Something odd and exciting is happening in American popular culture that relates to Iraq. In order to clarify this idea, we must go back to the 1960s when the USA embarked upon a losing and purposeless war in Vietnam. Thousands of American soldiers lost their lives whilst others returned physically disfigured and psychologically disturbed.
Such a desperately sad scene was transported to the field of popular culture; a large number of important political books and best-selling novels were published and patriotic records were produced. Not long after, cinema and theatre also dealt with the issue of war through productions, which even today are still discussed by critics and the public and these include Coming Home, The Deer Hunter, Apocalypse Now, Born on the Fourth of July, and Platoon, and the musical theatre production Miss Saigon.
This interest in the Vietnamese war has moved between creativity and traditionalism to reach the world of fashion, cuisine and interior design. A new trend began where Vietnam or Asia fascinated Westerners in general and Americans in particular.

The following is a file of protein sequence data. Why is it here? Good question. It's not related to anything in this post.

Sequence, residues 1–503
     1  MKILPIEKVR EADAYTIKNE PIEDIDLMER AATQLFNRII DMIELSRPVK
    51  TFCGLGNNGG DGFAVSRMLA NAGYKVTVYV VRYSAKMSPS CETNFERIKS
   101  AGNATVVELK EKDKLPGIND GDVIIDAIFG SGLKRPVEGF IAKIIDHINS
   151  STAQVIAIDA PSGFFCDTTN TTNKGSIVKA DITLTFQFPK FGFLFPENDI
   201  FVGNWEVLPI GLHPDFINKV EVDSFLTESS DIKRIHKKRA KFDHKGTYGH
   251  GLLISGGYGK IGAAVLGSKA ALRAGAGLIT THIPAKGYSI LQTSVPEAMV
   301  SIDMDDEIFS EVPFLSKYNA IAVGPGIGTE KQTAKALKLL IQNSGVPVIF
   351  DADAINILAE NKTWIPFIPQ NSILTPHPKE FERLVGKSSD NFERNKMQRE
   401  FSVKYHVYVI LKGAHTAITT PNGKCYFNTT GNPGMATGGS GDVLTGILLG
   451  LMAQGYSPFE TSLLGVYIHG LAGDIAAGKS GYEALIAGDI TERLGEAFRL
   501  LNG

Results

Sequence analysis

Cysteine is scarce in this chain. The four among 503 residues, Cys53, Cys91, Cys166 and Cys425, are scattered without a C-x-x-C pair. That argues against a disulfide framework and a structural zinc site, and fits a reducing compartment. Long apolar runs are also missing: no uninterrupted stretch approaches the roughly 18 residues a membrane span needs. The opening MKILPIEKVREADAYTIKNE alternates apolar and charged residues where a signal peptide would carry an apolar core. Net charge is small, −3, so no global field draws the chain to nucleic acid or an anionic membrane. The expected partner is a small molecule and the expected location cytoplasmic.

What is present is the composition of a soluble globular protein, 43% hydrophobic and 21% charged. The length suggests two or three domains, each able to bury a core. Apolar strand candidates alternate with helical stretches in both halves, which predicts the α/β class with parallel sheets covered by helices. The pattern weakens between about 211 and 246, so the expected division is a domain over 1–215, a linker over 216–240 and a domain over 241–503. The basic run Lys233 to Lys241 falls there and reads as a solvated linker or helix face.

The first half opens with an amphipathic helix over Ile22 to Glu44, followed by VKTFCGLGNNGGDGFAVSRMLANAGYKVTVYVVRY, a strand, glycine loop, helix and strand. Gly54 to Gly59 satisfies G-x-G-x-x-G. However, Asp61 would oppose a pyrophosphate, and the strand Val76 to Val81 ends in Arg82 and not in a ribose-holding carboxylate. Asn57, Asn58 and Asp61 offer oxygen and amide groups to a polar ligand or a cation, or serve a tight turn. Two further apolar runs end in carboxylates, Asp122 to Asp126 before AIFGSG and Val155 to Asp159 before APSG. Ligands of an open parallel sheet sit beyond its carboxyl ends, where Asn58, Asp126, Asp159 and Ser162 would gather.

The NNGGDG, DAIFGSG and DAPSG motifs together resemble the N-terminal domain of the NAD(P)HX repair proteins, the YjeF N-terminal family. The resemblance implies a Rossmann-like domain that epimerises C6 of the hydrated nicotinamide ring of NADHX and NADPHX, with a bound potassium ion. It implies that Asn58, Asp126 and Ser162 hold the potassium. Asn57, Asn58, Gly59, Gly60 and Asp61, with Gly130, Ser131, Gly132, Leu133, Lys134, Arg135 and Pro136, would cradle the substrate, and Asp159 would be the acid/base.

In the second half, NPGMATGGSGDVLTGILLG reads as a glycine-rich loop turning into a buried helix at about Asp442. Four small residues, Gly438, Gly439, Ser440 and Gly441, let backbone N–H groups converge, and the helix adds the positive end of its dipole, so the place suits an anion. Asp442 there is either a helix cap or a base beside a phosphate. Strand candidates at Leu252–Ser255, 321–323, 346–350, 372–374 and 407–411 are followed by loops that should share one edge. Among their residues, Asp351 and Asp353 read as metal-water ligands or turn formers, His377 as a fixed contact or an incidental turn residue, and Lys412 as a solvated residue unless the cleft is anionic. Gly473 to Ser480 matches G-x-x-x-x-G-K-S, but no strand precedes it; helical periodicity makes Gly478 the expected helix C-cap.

The same thing is happening now to a large degree with respect to Iraq. As the number of American troops who have been killed and wounded increases and as their presence in Iraq and the occupation is prolonged, curiosity about this state and this part of the world grows.
There has been a substantial surge in the number of books and novels that aim to explain and analyze the history of Iraq in its religious, social and historical contexts, some of which are serious and others that are comical and absurd. This is also the case regarding film productions, the majority of which are very critical towards the policy of the American occupation and incorrect decisions that have been made as a result.
There has been an increasing interest from many other “Iraqi” angles since plastic arts and Iraqi antiques have sold for high prices in auctions and furniture showcases. In addition, an Iraqi Baghdad restaurant has opened successfully in New York.
What will be the outcome of this cultural activity? At most, the will and the soul of the people will triumph and what happened with America, Japan, and Germany and then Vietnam is likely to happen with Iraq after the incumbent American administration and the stupidity of neoconservatives that beat the drums of destructive war leaves office.
The American nation is without doubt better than its current administration and we can bet on it that all this activity will lead to removing the “superstitions” that are propagated by warmongers whose lies have been revealed.
From Hanoi to Baghdad, it is clear that there is no place for those who beat the drums of war. The curses of their victims will follow them but good will always prevail.